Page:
Where do we learn the truth?
From the Bible alone.
Christianity presents us with unique historical facts and spiritual truths that are to be understood and believed (1 John 1:1-4).
The deity of Christ (John 20:31);
His Incarnation (1 John 4:2, 3; 2 John 7; John 1:14);
His atoning death for our sins (1 Corinthians 15:3; 1 John 2:2; 4:10);
His resurrection (John 20:26-29; 1 Corinthians 15:4; Acts 2:32);
His ascension (Acts 7:55, 56; Hebrews 1:3; 2:9);
His second coming (1 Thessalonians 1:10).
All that is taught must be examined and tested in the light of what the Bible says.
The record of these historical facts and the witness to these spiritual truths are found in the Bible (Luke 1:1-4).
The deity of Christ (John 1:1-14; Matthew 16:13-20);
His Incarnation (Matthew 1:18-25; Luke 1:26-38; 2:1-7);
His atoning death for our sins (Matthew 27:26-61; Mark 15:15-41; Luke 23:27-49; John 19:13-37);
His resurrection (Matthew 28:1-10; Mark 16:1-13; Luke 24:1-48; John 20:1-29; 1 Corinthians 15:4-8);
His ascension (Mark 16:19; Luke 24:51; Acts 1:9-11);
His second coming (Matthew 24:3-31; 1 Thessalonians 5:1-3; 2 Thessalonians 1:7-10).
The authoritative significance or interpretation of any fact or truth of Christianity is what the Bible gives (John 20:30-31; 1 Corinthians 10:11).
Many of the truths of Christianity need explanation in detail (Luke 24:27; Acts 18:26).
Human understanding, unaided, cannot provide the satisfactory explanation (Matthew 16:17; 1 Corinthians 2:14).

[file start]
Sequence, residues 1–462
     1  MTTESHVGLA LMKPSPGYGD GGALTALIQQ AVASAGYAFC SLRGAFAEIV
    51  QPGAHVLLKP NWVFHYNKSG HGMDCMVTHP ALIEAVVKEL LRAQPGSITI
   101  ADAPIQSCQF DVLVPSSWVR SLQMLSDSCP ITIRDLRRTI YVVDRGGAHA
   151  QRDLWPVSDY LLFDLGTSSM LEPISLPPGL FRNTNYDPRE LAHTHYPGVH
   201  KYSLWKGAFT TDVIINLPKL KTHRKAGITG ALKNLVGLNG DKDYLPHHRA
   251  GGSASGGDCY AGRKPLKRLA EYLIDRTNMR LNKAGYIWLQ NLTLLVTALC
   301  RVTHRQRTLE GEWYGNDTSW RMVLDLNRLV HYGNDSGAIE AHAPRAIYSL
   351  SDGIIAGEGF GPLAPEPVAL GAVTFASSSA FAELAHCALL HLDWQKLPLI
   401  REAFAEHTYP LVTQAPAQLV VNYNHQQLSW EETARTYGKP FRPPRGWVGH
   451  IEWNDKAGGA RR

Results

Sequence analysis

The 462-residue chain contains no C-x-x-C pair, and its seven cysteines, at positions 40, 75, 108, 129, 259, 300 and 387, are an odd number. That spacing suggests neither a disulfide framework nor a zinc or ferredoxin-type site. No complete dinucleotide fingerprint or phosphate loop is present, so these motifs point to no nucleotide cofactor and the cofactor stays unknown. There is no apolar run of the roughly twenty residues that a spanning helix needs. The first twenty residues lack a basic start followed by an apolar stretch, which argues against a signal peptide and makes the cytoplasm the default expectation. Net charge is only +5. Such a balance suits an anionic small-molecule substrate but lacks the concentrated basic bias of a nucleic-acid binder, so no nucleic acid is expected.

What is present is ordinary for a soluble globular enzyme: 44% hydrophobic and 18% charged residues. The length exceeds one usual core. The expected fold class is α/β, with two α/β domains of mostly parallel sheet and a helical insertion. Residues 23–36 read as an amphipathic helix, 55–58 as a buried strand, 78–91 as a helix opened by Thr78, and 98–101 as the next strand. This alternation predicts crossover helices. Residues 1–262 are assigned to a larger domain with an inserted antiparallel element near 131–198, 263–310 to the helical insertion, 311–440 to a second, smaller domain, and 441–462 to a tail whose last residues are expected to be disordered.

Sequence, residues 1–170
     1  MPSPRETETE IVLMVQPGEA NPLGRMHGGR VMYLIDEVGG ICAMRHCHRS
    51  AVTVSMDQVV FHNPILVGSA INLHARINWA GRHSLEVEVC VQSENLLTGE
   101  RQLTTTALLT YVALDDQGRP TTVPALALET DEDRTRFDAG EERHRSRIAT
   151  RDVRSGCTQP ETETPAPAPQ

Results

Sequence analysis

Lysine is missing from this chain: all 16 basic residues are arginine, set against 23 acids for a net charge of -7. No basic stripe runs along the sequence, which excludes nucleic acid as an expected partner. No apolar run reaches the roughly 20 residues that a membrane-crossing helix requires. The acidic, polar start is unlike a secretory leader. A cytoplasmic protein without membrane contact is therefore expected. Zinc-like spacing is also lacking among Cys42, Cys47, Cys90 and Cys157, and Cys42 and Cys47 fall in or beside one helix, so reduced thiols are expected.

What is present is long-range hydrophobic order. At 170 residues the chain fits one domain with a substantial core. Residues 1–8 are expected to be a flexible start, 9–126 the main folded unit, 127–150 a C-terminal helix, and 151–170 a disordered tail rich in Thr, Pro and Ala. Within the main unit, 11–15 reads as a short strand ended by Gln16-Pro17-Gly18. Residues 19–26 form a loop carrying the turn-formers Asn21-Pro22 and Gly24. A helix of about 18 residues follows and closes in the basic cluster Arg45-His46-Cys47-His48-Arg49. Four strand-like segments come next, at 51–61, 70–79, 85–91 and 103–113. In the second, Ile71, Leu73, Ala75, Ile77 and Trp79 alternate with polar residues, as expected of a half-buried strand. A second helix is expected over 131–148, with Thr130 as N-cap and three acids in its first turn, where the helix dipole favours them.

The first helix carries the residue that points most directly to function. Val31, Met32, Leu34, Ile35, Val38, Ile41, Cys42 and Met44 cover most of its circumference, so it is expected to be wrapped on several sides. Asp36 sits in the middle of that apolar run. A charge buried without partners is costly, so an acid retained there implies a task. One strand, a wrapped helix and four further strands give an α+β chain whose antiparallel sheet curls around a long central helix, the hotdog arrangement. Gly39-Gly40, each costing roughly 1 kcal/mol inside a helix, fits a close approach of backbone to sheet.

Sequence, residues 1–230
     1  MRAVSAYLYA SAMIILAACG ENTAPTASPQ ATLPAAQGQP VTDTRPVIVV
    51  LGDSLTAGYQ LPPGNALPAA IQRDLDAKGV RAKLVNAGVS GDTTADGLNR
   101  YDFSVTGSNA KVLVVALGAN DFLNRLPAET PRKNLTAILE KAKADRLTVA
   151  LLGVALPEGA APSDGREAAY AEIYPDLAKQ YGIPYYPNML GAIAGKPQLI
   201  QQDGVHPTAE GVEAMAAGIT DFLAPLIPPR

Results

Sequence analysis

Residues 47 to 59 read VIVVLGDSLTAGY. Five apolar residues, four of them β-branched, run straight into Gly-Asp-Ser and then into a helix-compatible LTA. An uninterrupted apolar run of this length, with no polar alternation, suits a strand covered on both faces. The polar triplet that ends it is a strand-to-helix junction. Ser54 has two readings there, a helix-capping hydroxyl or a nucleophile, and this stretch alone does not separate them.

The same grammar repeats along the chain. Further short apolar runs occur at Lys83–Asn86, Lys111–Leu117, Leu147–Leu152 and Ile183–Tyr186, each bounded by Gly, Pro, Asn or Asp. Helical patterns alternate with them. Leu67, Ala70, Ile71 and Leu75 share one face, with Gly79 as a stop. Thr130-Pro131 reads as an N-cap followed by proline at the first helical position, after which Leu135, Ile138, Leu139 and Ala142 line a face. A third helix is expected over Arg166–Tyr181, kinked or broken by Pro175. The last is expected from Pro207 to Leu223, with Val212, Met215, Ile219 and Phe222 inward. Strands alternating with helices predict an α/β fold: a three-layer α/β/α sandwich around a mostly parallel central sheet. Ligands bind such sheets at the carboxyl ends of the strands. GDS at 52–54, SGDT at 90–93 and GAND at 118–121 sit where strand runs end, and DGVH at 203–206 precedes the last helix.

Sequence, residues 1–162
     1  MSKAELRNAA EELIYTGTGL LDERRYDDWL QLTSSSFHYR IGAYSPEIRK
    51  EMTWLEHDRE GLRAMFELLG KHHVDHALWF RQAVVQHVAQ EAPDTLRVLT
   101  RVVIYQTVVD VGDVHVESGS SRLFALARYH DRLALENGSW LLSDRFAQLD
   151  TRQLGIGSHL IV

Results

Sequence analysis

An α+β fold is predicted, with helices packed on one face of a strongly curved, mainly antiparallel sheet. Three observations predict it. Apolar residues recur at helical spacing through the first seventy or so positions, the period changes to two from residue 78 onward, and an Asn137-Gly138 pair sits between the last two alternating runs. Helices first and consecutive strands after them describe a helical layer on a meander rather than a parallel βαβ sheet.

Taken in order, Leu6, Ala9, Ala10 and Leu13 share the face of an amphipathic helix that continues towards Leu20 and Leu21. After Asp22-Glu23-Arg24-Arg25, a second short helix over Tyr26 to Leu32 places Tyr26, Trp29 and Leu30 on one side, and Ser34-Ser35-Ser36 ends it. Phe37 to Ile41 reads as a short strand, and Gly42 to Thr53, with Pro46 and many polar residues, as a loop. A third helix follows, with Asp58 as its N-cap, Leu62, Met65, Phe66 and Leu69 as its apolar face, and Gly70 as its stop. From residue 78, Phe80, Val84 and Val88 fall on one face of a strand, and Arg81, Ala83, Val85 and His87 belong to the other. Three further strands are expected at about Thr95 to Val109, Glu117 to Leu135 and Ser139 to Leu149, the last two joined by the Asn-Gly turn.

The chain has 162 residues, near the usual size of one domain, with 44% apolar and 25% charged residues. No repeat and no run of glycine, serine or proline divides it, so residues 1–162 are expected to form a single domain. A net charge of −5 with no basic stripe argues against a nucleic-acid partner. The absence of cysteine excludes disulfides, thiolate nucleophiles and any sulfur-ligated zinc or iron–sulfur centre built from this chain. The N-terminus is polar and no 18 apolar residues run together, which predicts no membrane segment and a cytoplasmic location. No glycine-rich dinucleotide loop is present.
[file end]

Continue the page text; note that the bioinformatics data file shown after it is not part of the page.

The Scriptures were given by God to provide us with the illumination and instruction we need (Psalms 119:130; Matthew 21:42; Romans 15:4) - the basis on which the gospel is preached is the statements of the Scriptures (Luke 24:44-47; Acts 10:43; Acts 17:2; Acts 18:28; 1 Corinthians 15:3-4).
The Holy Spirit uses the Scriptures to explain truths to which we would otherwise be blind (Luke 24:27).
When we fail to understand what the Scriptures say on a subject, we soon make mistaken judgments on spiritual matters (Mark 12:24; Matthew 22:29).
The Bible alone must be our authority in all matters of faith and conduct.
The Bible is authoritative (Matthew 22:31).
It is inspired by God (2 Timothy 3:16; 2 Peter 1:19-21).
The revelation the Bible provides is final - anything that goes against it is false (Isaiah 8:20; Galations 1:8-9).
The revelation God has given in the Bible - through prophets, apostles and through the Lord Jesus Christ - is the foundation of the Church (Ephesians 2:20).
All that is taught must be examined and tested in the light of what the Bible says (Acts 17:11).
What the Bible says must be the deciding factor in any decision that has to be made (Matthew 4:1-11; Acts 15:14-15).
The Bible teaches us all that is right and true and equips us to live in a way that pleases God (2 Timothy 3:15-17).
If we fail to recognize the Bible's supreme authority in matters of faith and conduct, we find ourselves breaking God's commandments by paying attention to lesser authorities (Matthew 15:1-9).
Hollow and delusive speculations based upon traditions of human teaching quickly capture our attention if we neglect the Bible's authority (Colossians 2:8).
Everything points logically to the supreme authority of the Bible whenever Christianity is under consideration.
The Lord Jesus Christ came to fulfil the promises made by God in the Old Testament Scriptures (Luke 24:27, Luke 24:44).
The New Testament came into being because of the saving work of Jesus Christ (Mark 1:1; Luke 1:1-4; 1 Corinthians 11:25; Revelation 1:19).
The Spirit of Christ who caused the Old Testament Scriptures to be written also caused the New Testament Scriptures to be written (John 14:26; Hebrews 2:4; 1 Peter 1:10-11).